The interior is a mix of nice and whoops, with Audi bewilderingly risking its tech-focused reputation with inner door skins and the dash top made from hard-touch, brittle-feel, clunky-sound plastics. It’s nicer to look at than it is to touch.

Get your fingertips and elbows beyond that, though, and you find an interior that’s pretty nice, clean, expansive and with plenty of high-tech touches. Just not nice plastic touches.

The interior theme is all new for Audi, with the central touchscreen for the multimedia unit coming in two sizes depending on the budget — though having approximately zero knobs to control it may have pushed the A1 out of reach for the less tech savvy.

It has easy-to-operate smartphone interfaces, with iOS and Android compatibility, two USB connections and the option of Audi’s smartphone box with inductive charging and better reception by using the car’s larger antenna.

The upper models, like the 35 TFSI Edition One launch version, boast an 11-speaker Bang & Olufsen 3D sound system, with 560W output.

There’s bound to be a hot-poop S1 at some point, but for now the 40 TFSI will be the hardest hitter, ripping to 100km/h in 6.5 seconds and reaching up to 235km/h.

The strength of the range will be down in the 35 TFSI, though, with its 110kW of power and 250Nm of torque. It’s slower, reaching 100km/h in 7.7 seconds and stretching up to 222km/h, but it always feels strong enough.

It’s a nice engine, without feeling especially smooth or sharp. It feels strong, rather than urgent, and it makes no pretensions (other than its visuals) to be a hot hatch.

The front end runs a pair of MacPherson struts, while the rear is a lower-tech torsion beam setup, and there’s a choice between the default suspension setup and a stiffer Sports suspension (though the 40 TFSI with its 2.0l engine has adaptive dampers).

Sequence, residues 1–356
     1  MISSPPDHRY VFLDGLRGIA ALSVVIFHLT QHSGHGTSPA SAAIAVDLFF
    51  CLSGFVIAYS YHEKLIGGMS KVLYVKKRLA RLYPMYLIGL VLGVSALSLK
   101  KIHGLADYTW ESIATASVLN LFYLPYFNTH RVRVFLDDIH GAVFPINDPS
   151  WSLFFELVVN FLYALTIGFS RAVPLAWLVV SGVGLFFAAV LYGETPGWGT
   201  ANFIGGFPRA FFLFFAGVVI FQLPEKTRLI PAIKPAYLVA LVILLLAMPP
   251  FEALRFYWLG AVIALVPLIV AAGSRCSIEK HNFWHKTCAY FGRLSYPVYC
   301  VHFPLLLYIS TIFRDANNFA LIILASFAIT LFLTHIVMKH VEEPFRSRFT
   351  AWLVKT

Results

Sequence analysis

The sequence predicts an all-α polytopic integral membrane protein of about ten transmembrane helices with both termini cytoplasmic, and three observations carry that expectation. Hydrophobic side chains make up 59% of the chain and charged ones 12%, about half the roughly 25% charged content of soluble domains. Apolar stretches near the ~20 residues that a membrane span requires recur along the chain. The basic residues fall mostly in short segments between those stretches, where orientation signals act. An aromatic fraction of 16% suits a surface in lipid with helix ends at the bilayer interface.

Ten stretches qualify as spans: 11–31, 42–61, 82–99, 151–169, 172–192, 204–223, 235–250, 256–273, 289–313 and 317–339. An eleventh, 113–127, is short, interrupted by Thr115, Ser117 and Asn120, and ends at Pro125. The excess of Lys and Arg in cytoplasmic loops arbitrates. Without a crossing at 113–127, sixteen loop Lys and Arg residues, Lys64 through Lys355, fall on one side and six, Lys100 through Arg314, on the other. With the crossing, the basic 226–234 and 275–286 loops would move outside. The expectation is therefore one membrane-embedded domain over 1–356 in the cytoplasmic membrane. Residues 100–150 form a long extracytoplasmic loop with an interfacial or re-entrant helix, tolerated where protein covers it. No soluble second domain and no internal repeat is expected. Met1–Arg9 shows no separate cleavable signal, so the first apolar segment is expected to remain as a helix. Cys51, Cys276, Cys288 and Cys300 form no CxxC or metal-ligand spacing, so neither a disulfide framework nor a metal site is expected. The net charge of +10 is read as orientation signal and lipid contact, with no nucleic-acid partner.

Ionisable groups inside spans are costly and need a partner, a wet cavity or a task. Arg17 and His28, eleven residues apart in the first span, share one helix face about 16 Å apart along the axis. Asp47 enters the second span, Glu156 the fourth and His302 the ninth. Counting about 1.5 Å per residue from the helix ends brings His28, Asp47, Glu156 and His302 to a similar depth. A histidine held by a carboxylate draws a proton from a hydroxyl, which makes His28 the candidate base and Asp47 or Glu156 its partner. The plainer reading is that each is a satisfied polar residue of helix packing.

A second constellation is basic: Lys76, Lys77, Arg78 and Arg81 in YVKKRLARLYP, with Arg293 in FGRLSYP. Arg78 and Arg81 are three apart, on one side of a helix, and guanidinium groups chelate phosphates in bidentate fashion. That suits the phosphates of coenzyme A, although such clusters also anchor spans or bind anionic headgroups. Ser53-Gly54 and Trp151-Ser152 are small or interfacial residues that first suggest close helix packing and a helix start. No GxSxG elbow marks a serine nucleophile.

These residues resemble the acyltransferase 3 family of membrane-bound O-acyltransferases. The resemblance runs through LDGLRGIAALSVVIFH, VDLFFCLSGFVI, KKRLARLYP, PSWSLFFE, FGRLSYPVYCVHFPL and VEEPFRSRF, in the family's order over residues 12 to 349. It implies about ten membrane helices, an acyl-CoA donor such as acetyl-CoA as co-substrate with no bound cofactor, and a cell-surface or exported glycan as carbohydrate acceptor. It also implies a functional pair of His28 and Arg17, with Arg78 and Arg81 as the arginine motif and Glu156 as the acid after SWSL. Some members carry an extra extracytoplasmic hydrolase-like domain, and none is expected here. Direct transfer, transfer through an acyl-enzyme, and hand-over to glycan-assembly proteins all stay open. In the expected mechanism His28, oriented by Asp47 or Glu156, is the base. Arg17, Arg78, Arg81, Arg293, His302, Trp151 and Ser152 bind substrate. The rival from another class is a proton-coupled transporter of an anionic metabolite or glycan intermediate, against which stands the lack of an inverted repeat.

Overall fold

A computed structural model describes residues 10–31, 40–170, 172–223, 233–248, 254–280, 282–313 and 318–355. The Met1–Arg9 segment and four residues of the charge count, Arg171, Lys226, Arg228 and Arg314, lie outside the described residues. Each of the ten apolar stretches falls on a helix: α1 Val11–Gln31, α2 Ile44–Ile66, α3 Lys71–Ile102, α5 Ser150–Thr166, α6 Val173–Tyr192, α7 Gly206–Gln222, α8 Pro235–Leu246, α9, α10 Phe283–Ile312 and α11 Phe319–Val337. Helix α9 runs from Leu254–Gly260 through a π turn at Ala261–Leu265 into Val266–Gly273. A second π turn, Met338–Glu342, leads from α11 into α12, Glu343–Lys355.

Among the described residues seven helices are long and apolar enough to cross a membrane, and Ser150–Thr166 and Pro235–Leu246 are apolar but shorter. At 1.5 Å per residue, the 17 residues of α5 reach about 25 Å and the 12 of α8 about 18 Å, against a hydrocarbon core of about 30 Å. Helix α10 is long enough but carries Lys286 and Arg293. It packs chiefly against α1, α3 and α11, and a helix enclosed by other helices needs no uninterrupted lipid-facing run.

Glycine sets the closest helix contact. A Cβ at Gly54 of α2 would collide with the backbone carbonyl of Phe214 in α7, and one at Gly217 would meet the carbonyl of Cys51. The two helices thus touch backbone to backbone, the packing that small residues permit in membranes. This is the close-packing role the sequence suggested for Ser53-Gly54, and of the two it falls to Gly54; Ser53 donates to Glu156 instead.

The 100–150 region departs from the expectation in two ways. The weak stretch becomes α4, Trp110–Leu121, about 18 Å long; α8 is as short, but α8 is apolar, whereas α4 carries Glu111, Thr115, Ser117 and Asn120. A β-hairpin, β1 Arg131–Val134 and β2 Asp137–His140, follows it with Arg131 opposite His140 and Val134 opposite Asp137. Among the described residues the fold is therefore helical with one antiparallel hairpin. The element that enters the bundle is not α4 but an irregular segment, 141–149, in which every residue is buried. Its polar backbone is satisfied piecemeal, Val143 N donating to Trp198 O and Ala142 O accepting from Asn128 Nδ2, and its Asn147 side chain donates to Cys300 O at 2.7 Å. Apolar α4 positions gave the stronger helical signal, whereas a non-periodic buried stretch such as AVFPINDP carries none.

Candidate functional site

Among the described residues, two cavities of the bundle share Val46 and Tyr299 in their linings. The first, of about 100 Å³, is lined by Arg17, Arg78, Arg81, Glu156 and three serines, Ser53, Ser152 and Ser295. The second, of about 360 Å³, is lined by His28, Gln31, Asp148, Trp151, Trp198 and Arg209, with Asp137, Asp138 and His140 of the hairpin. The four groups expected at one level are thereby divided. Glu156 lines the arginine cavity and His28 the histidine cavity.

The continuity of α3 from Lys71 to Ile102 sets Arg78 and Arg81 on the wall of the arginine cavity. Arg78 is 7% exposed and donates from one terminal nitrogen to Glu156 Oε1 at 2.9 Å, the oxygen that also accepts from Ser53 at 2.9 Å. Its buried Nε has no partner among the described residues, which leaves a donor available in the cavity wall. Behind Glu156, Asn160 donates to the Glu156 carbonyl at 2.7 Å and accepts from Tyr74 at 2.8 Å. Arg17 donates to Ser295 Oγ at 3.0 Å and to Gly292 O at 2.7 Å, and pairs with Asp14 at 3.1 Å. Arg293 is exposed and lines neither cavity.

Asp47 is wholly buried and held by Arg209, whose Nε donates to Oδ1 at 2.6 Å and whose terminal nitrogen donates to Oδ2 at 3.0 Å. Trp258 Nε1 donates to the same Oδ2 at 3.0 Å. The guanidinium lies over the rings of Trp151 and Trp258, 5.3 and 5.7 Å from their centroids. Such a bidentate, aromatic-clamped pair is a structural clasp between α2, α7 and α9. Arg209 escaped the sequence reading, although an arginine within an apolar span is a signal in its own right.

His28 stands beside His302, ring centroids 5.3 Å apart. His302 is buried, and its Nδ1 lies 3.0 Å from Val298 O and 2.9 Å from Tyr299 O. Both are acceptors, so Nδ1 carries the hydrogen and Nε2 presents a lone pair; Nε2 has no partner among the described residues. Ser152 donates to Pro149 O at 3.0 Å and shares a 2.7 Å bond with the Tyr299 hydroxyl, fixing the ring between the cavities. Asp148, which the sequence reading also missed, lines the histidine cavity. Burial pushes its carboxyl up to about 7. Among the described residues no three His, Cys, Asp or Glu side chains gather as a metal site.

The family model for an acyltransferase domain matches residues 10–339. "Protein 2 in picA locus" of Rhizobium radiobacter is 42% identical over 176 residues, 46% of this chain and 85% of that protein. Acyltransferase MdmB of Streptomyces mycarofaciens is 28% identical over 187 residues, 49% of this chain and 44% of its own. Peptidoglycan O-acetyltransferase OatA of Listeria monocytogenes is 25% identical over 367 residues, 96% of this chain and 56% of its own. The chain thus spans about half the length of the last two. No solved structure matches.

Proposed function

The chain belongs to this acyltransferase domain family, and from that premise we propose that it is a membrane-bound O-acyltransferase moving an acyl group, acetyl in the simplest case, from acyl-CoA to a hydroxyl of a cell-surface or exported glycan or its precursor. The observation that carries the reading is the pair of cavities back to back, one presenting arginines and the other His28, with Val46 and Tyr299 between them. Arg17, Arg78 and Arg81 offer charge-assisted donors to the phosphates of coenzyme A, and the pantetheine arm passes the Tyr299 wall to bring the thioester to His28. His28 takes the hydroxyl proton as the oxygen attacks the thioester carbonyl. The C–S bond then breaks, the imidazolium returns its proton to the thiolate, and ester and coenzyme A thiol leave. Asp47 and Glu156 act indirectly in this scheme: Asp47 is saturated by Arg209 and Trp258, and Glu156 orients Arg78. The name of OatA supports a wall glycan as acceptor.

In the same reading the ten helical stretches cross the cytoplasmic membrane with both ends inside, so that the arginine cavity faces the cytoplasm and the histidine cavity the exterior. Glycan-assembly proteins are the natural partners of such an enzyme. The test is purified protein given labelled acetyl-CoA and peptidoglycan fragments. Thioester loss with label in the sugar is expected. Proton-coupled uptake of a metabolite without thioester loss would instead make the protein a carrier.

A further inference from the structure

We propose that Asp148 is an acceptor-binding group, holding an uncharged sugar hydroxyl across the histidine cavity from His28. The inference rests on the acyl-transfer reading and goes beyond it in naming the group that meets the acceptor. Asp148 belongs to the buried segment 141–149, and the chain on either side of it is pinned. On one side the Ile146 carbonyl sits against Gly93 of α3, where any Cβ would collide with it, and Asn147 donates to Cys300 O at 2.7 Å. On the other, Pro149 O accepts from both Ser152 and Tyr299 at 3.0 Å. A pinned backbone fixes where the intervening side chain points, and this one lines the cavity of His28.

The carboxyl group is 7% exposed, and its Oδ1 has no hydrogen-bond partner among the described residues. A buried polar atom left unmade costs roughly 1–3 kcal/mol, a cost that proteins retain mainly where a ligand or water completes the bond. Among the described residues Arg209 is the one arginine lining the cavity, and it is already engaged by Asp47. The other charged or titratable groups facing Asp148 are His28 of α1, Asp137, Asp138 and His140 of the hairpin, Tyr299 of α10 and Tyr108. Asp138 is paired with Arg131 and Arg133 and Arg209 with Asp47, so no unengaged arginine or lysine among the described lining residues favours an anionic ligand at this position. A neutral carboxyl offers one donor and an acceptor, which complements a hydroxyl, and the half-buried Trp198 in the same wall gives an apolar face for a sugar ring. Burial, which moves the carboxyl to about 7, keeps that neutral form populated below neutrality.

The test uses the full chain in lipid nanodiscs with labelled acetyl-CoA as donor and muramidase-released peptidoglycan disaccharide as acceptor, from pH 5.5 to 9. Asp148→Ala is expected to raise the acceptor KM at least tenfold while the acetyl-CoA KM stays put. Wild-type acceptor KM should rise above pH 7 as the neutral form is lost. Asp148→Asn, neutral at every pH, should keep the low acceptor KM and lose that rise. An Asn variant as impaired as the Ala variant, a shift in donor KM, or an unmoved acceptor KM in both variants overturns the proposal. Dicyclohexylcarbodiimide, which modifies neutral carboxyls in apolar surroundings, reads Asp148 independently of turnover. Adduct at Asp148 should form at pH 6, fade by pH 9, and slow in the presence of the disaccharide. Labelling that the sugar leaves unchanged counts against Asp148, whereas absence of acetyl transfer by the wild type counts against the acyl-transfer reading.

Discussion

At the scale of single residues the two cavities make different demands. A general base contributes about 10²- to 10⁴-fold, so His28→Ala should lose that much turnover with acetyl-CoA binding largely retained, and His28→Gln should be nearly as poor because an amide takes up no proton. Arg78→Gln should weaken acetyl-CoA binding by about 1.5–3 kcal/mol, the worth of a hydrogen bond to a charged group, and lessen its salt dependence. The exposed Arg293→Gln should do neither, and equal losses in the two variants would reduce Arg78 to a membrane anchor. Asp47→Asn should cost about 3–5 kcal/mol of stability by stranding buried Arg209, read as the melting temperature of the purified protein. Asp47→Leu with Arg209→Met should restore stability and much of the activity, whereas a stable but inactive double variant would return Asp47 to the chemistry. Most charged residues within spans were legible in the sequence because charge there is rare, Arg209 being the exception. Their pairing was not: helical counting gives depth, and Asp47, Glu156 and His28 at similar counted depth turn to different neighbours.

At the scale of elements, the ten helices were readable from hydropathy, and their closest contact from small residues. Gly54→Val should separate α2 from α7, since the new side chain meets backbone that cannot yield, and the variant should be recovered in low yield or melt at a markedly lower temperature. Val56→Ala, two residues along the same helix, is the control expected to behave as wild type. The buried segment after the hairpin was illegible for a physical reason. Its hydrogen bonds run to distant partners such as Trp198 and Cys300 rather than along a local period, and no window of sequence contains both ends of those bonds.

It handles crisply, with the well-weighted steering leading the rest of the car merrily and accurately. The A1 points hard wherever the steering is aimed and changes direction with enthusiasm.

However, our question mark here is with the ride quality. It’s firm, and that’s okay. Some people like it like that (particularly Audi development and product-planning people who have Mini in their sights). Some people don’t.

Instead, while the body control is admirable in corners, the road noise can be intrusive on coarse-chipped surfaces and there is more crashing noise over square-edged bumps than there is in the Polo donor car.

The setup can change at the flick of a button, but not the core spring stiffness. Just the powertrain, the steering and the dual-clutch transmission’s shift patterns. (Though the 40’s adaptive dampers can stiffen and soften off).

The gearshift is crisp and sharp, mostly, and the power-down is excellent, too.

That it also scores safety stuff like active cruise control, pre-sense for collisions, a parking system, a reversing camera and hill hold underscores the techy nature of the new A1.

The Audi A1 is planned to be introduced in SA towards the end of 2019.